Strategy: Set up a self-insured medical reimbursement plan—also called a Section 105 plan—for your business. This kind of plan reimburses specified medical expenses to your employees—and to you—from the business’s coffers.
Assuming that the plan is in writing and meets other technical requirements, it’s a win/win situation. As the employer, you can deduct the reimbursements, including those to cover employees’ out-of-pocket medical costs. And eligible employees generally aren’t taxed on this perfectly legal .
Sound too good to be true? The IRS approved this medical reimbursement setup years ago. (IRS Revenue Ruling 1971-588) But you must toe the line to avoid any tax trouble.
Here’s the whole story: Typically, a Section105 plan reimburses employees for uninsured health or accident expenses they or their dependents incur. (The plan document should define eligible costs to include medical and dental insurance premiums, insurance deductibles, co-payments, prescriptions and other eligible expenses such as vision care.)
So long as you stay within the tax law boundaries,you can customize the plan to meet your needs. For instance, you generally should establish annual reimbursement maximums for each employee. You may also want to limit eligibility to full-timers.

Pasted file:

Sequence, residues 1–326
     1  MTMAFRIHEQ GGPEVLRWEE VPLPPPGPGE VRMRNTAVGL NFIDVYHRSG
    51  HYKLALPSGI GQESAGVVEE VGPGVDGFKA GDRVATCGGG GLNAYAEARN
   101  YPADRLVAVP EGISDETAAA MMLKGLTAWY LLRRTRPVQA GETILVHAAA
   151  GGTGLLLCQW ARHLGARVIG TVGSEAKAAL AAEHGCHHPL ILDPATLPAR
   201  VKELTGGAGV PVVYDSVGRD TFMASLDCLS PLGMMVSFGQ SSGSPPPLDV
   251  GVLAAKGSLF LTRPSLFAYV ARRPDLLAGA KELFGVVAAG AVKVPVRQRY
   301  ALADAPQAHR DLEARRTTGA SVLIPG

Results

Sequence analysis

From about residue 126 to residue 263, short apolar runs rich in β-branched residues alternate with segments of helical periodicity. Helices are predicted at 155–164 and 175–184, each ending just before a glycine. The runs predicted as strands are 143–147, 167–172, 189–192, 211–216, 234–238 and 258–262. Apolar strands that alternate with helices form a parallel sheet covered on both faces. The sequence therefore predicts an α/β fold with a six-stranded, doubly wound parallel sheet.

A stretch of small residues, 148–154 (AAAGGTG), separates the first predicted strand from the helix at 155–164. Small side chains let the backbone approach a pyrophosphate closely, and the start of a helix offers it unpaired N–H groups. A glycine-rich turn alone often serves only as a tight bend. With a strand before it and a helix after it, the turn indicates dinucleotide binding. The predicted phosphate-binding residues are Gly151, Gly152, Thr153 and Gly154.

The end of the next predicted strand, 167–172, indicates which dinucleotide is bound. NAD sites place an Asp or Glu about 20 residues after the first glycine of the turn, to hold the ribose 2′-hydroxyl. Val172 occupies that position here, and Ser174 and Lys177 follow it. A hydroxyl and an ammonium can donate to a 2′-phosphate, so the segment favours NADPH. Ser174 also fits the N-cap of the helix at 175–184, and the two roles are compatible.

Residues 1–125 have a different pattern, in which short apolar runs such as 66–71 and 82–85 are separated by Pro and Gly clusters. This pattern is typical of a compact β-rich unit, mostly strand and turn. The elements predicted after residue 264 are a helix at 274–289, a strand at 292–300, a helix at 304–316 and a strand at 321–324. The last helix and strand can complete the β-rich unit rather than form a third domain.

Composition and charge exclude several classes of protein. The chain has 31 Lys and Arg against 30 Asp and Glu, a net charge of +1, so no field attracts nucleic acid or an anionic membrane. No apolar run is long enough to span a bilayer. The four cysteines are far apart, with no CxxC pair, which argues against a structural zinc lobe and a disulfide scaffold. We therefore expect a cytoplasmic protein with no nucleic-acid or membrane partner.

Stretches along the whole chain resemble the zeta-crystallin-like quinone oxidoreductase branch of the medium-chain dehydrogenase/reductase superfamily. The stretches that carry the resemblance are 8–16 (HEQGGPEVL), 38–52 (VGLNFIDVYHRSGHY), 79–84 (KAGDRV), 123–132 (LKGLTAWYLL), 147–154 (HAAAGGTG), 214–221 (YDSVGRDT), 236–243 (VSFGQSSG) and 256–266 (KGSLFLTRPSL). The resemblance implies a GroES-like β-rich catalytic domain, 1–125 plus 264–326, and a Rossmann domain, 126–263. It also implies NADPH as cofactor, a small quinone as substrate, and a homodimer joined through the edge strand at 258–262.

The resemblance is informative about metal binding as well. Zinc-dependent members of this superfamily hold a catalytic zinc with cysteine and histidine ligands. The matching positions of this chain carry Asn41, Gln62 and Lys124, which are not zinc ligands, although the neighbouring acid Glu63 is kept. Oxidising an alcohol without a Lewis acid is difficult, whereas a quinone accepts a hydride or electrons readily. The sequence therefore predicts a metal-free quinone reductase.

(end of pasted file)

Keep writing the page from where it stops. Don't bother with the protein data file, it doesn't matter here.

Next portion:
What have you accomplished from a tax perspective? Plenty. Here’s a quick look:
You can generally deduct all the medical expense reimbursements paid to employees as business expenses.
If you’re self-employed, you grab an extra tax break because the write-off also reduces yourself-employment tax.
Employees receive the payments 100 percent tax-free as a fringe benefit.
This arrangement works especially well for a sole proprietor or the owner of a single-member LLC who employs a spouse (see example).
But the plan can’t discriminate in favor of highly compensated employees, including yourself (e.g., a more-than-10-percent shareholder) or other key employees. If it does, the medical reimbursements are taxable to the highly compensated employee.
Tip: In any event, paid to you or another 2 percent-or-more shareholder of an S corp are taxable. But other tax perks for a Section105 plan may be worth it to S corp owners.
Are you covering your spouse under a Section 105 plan? Here's what to do in this situation:
- Consider paying your spouse some cash wages, as shown in the example. It looks better to the IRS if some of the payment is taxable compensation. That said, paying your spouse cash compensation is not strictly required under tax rules.
- Check with a tax pro before drafting the plan document. It doesn't have to be complicated, but it must be in writing.
- Don't wait until year-end to submit all medical expenses for reimbursement. Have the plan pay out expenses at least semiannually. Quarterly or monthly is even better.
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